WASHINGTON — Oklahoma Transportation Secretary Gary Ridley thinks a century-old law passed in part to keep birds from ending up on women’s hats is to blame for delaying a state bridge project.
The veteran transportation official said that was a first for his agency.
But it may be only the beginning, Ridley warned after a recent Senate hearing where he criticized a number of federal agencies and their policies.
“It seems somewhat ridiculous to me,” he said, singling out one of the swallows whose love for nesting under man-made structures is well-known. “This is not an endangered species.”
Indeed, Ridley said, the swallow in question is almost as common as a sparrow, but one of its nests on or near a road project is enough to bring work to a screeching halt.
Ridley referred to a contract to paint a bridge in Ellis County that had to be delayed last year because of a nest.
Dawn Sullivan, environmental programs division engineer for the Oklahoma Transportation Department, said that contractor had to stop the project until the birds left.
“It cost us nearly $28,000 to have him come back,” said Sullivan, whom Ridley described as his agency’s conscience.
She agreed the law is outdated, adding birds generally no longer end up on hats.
Specifically, Sullivan said the law needs to be reviewed concerning the more common birds such as the swallow, whose nesting period in Oklahoma runs from April through August.
“That’s kind of our prime construction season,” Ridley said.
Because of ODOT’s experience last year with that one bridge project that had to be delayed, Ridley said his agency now has to take that into account, even on major projects.
“Let me give you a couple of real-life examples,” he said, pointing to two bridges on Interstate 40, west of Oklahoma City. “Both bridges are structurally deficient, as well as functionally obsolete.”
In addition, Ridley said, the bridges are narrower than current interstate standards and have a history of accidents.
ODOT, he said, has been working toward replacing them both for about 16 months.
“I don’t know, but I can rest assured there are … swallows under that bridge,” he said, adding that the project could be delayed by several months if its timing coincides with their nesting period.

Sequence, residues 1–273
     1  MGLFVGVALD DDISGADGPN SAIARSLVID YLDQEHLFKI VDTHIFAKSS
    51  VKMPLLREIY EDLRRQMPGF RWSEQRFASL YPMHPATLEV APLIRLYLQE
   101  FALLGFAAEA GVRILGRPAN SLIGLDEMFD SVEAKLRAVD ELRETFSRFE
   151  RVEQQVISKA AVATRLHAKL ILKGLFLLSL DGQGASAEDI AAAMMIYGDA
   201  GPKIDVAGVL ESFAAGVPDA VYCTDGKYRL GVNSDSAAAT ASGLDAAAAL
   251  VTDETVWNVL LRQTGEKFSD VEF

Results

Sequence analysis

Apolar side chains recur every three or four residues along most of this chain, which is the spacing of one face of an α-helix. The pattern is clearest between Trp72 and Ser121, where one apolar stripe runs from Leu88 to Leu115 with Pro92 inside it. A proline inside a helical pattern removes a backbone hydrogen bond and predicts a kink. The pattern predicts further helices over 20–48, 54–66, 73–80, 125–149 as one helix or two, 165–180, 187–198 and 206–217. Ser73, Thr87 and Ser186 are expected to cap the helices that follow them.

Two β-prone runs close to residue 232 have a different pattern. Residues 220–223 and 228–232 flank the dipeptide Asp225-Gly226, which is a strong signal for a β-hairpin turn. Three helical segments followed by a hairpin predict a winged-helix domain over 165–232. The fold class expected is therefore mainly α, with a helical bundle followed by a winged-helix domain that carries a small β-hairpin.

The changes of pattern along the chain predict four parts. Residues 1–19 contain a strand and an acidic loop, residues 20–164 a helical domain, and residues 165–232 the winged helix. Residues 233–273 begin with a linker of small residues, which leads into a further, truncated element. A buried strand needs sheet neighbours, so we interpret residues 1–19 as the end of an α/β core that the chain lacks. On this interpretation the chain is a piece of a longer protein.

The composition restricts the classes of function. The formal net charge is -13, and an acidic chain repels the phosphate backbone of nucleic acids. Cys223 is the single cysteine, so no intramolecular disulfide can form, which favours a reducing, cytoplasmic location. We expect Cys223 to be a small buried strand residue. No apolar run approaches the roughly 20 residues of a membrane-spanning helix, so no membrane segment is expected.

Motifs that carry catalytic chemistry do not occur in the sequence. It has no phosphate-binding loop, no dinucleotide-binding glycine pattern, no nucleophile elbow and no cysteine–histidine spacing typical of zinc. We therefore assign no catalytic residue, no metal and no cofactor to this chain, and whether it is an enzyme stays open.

“To me that is unacceptable. We have two bridges we know have serious problems, big-time serious problems that we need to replace.”
Ridley said he wants Congress to amend the law on migratory birds to give departments of transportation across the nation relief, especially on projects that are limited to replacing or repairing what is already part of their states’ systems.
According to a statement from the U.S. Fish and Wildlife Services, which enforces the Migratory Bird Treaty Act, the law has no impact on Oklahoma’s road projects unless birds are killed during a project.
“Our standard practice is to advise road crews to conduct habitat destruction activities before or after the bird breeding season,” the statement read.
“Permits may be issued in situations where the ... relocation of birds is absolutely necessary to protect human health or safety.”
Jeff Haskins, chief of the migratory bird office for the U.S. Fish and Wildlife Service’s southwest region, clarified the bird in question is the cliff swallow, known for nesting under bridges, not the barn swallow.
Conceding it may be inconvenient, Haskins said his agency encourages states to plan ahead on road projects and remove nests before the swallows arrive. An empty nest can be removed without a permit, he said.
Asked whether his agency has stepped up its enforcement of the law and specifically the Ellis County project, Haskins denied any change in enforcement has occurred but said he could not comment on ODOT’s experience last year.